The Writers-in-Exile Programme of the German PEN Center provides grants for writers who face persecution in their home countries. The German government finances this special program. The unique aspect of the program lies in the fact that PEN members share the bond of their common profession. This bond is strong no matter what country the scholar had to leave behind. To the writers who are persecuted, mistreated, jailed or even tortured in their home countries PEN offers refuge in Germany. On their way into a new life away from their homes, PEN reaches out to them in companionship.
Exhausted they crossed the unknown
Still before them the trees arrived
the mewing of the cats
and the lights
through which they saw their faces in the mirror
Light as a feather the dreams traveled
even the nightmares
What they had recorded in notebooks and books and on doors
on the internet
and with the camera
the cloud that watched for a long time and then cried
the heat that passed here yesterday
and the sluggish sky -
all that had arrived
Only my father's cane
still lay on my shoulder
But still we saw no sense
It was we who created the borders
and it was we who believed
Evgenija Spaschenko is a Ukrainian writer, blogger, creative writing coach, and co-author of the award-winning podcast Ковен Дур. Through her Fairy Tales and Parables for Adults and her Culture Podcast, she brings Russian-language contemporary prose out of a niche and makes it accessible to a wide audience, because "we all love magical stories, their wisdom and light that makes its way even in the darkness of the deepest night."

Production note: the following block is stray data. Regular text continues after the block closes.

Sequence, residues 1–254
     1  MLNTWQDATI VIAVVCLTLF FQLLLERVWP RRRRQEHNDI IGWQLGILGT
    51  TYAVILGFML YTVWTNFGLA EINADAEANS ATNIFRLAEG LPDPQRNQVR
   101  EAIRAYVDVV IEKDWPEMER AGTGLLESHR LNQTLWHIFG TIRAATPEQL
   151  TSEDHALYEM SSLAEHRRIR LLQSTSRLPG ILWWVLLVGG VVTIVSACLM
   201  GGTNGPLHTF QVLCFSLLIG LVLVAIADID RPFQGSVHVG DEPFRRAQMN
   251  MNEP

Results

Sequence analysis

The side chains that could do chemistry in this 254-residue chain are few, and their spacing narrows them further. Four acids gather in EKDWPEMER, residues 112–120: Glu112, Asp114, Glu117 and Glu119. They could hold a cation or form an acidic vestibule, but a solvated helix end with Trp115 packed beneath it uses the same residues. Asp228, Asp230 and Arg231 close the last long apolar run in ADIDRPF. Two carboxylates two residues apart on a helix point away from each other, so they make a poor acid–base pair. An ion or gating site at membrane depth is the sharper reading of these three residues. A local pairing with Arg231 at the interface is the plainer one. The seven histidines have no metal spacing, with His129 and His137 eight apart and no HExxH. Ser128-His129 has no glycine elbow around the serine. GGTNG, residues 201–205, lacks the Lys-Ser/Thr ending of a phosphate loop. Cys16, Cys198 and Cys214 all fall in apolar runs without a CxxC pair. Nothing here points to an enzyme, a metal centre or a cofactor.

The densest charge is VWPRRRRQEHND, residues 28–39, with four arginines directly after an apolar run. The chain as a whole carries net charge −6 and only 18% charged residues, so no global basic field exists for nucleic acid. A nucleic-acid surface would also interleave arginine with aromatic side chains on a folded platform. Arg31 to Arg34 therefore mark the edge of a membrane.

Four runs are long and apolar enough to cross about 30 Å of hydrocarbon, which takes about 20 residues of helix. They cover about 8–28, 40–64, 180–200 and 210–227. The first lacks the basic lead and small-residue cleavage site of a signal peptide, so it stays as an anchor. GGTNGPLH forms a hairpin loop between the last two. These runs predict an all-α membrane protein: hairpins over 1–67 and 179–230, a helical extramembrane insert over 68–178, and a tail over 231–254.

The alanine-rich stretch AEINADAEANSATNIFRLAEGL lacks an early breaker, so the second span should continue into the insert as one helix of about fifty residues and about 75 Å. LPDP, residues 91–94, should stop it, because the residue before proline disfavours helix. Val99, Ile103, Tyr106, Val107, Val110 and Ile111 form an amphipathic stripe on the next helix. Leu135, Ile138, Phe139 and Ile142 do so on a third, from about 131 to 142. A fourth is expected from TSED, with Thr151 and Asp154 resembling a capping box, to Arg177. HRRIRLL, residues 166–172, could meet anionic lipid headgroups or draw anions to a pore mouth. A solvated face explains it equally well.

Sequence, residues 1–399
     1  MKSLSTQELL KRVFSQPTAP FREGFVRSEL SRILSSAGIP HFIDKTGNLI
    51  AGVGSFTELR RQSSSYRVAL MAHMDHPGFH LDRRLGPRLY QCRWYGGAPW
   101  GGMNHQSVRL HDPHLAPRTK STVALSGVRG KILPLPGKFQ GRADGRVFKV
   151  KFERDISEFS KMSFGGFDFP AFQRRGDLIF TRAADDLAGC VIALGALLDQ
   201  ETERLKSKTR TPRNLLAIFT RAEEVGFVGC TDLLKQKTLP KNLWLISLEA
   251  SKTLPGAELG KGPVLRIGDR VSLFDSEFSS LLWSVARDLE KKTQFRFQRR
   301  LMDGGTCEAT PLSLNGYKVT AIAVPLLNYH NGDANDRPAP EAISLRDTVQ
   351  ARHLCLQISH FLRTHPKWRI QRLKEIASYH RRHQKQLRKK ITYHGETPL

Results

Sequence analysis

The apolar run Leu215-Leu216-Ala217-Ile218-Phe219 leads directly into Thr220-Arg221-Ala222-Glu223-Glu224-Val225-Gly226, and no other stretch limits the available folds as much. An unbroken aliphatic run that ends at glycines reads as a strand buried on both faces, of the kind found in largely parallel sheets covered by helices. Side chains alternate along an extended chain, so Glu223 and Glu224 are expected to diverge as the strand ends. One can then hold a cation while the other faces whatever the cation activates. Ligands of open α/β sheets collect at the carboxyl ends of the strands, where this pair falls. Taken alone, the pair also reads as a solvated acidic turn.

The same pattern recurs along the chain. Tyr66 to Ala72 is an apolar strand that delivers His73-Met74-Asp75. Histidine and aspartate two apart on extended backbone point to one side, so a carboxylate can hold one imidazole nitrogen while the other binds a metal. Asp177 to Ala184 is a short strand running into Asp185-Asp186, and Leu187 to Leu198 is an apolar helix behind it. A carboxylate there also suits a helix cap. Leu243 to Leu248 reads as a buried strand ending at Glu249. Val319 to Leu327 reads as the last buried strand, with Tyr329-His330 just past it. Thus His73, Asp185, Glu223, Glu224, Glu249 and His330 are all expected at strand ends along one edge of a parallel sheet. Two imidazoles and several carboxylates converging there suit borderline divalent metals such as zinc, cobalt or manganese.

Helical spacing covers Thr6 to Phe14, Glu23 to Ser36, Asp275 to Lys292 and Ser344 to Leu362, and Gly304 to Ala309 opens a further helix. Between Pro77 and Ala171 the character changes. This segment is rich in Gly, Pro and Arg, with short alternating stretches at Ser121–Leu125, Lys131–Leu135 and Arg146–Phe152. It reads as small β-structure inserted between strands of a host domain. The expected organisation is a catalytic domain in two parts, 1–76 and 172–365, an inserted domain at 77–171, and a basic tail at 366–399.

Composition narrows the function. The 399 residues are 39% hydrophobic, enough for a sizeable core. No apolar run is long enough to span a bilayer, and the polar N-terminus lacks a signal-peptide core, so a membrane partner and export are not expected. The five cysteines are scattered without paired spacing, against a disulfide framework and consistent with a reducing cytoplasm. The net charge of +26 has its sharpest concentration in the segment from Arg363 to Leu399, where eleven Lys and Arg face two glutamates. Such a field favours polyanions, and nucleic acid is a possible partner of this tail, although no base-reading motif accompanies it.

After Russia's attack on Ukraine, Evgenija came to Germany in July 2022 as a fellow in the Writers-in-Exile program. Here she is working on an autofiction novella that deals with war, life on the run, and art.
Her new podcast, "(Not) About War," tells the stories of creatives and artists whose lives and work have been affected, changed, or even destroyed by the war on Ukraine.
ግጥሚ እፈቱ’ምበር ገጣሚት ኣይኮንኩን
ግን ገጣሚት’የ ኣይበልኩን።
ኣነ ድኣ ትብዓተይ ቀቲለ
ዓይነይ ዓሚተ እዝነይ ኣሚነ
ልብኻ ዓሚጽካ ምንባር ክኢለ፡
ንሓቂ ከይስየፍ ደኒነ ‘ናኸድኩ
መቓብር ስምዒተይ ኮይነ ናሃለኹ
ተጋጊኺ`ለኺ ተጋጊኻ ኣለኻ
ኣነ ኣይኮንኩን እታ ትብላ ዘለኻ!
ከመይ ድዩ ገጣሚ!፧
ከመይ ድያ ገጣሚት!፧
ንህይወት ሽፋና ዘይኮነ ዕምቆታ
ልሳና ዘይኮነ ስምዒታ
ኣንቢቡ፣ መርሚሩ፣ መዝጊቡ
ሓቅን ፍቕርን፣ ሕልናን ፍትሕን ኣዋሲቡ፡
ምእንቲ ጽባቐ ዝነብር ኣብ ገድሊ
ንልቡ ዘዳምጽ እኮ’ዩ ገጣሚ።
ጠበቓ ውጹዓት፣ ልሳን ዝተዓብሱ
ትንፋሱ ከኽትት ዝሓጸየ ነብ
ብርዑ ዝጥዋፉ ስምዒቱ ሴፉ፡
እኮ’ዩ ገጣሚ ብርሃንን ቀንዴልን
ዘይነብሮ መዓርግ ኣነ ኣይቅበልን
ክኸውን’ምበር ክመስል ኣይደልን!
ይርጋኣለም ፍስሃ (2012)
I am not a poet!
I love poetry, but I am not a poet
Poets fascinate me
But I never said, ‘I am a poet’
Because I have sabotaged my courage,
Wounded my conscience,
closed my eyes, trusting my ears,
learned how to live, deceiving my heart.
Because I refuse to sacrifice for truth, I walk down cast.
I have become the grave of my emotions.
Sir, madam, you are wrong!
I am not who you say I am.
What is but a poet!?
What is but a poetess!?
Life’s surface is not its depth,
The tongue is not the emotion.
Having read, examined, and observed
Truth, love, conscience, and justice combined
The poet abides in struggle, Listens to his heart
For the sake of beauty
Advocates for the muzzled, oppressed,
His gasp as self-sabotaging payment.